Of Montreal ditch sanity, pick up Bowie on Paralytic Stalks

Of Montreal ditch sanity, pick up Bowie on Paralytic Stalks

Nick Mitchell ('13)/Eastside staff

“We Will Commit Wolf Murder. Exorcismic Breeding Knife.”  “Authentic Pyrrhic Remission.” These somewhat intricate and foreboding song titles appear on the band Of Montreal’s new album, Paralytic Stalks, and definitely represent the overall mantra of the band’s style and approach to their vocation.

Of Montreal (no, they are not from Montreal), hails from Georgia, and features a total of eight musicians, supplying psychedelic pop tunes to eager and excited ears. Their new album will certainly fulfill the fan’s thirst, for it is within Paralytic Stalks, where manic melodies, dangerous compositions, and an occasional catchy chorus lie.

Granted, some of the songs are a bit overbearing, considering four of the tracks reach over seven minutes. But, with a bit of patience and curiosity, Paralytic Stalks will indeed prevail and achieve.

It is important to point out the layout of the album. Several of the beginning tracks offer pinched personal confessions and realizations by the lead singer, Kevin Barnes. On “Spiteful Intervention,” for example, Barnes loudly screeches and yelps, “I spend my waking hours/ haunting my own life/ I made the one I love start crying tonight/ and it felt good!”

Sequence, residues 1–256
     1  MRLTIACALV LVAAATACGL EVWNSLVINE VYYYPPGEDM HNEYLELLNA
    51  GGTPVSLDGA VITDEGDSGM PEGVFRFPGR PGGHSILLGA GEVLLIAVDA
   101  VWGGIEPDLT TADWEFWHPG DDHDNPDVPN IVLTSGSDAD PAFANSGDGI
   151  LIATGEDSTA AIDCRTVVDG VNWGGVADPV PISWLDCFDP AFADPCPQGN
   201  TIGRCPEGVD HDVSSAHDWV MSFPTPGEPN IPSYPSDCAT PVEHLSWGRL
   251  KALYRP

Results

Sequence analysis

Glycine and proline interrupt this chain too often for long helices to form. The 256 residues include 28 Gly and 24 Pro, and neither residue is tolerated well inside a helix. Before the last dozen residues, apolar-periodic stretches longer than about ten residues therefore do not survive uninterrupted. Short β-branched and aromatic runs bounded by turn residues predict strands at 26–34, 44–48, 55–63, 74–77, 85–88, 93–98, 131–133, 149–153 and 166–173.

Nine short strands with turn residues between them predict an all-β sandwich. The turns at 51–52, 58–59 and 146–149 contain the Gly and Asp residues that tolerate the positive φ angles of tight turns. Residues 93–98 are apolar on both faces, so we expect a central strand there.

Other catchier beginning songs, like “Dour Percentage,” wrap themselves up in the legacy left by David Bowie. Whistles scream, base strings are plucked and drums crash through most songs, making the tunes constantly fluctuate. On “Ye, Renew the Plaintive,” Barnes talks to his wife Nina: “Oh Nina/I have become so hateful/How am I ever going to survive this winter?” The arrangements are absolutely bipolar.

The later tracks, take on a more darker and sinister tone. Barnes seems to be having an apocalyptic and violent breakdown, summoning up themes of revenge, confusion and self-loathing. Some of it could actually make a good score for a movie concerning psychedelic film noir surrealism (listen to “Exorcism Breeding Knife”), if that is even a real genre.

The late tracks drag and drag… and drag, possibly denoting a sense of alienation from Barnes. However, the album ends with an upbeat epic, where Barnes yells, “I love how we’re learning from each other/ You are such a positive!”

Other music sources have compared Paralytic Stalks to Hissing Fauna, Are You the Destroyer, which received an abundance of intense critical acclaim. Both albums are dark, personal and unpredictable.

Props to Of Montreal for making this physiologically deranged album. The confessions, the violent outbursts and the sincere questioning make Paralytic Stalks a wild expedition through the manic personal troubles of Kevin Barnes.

Album Rating- 8.5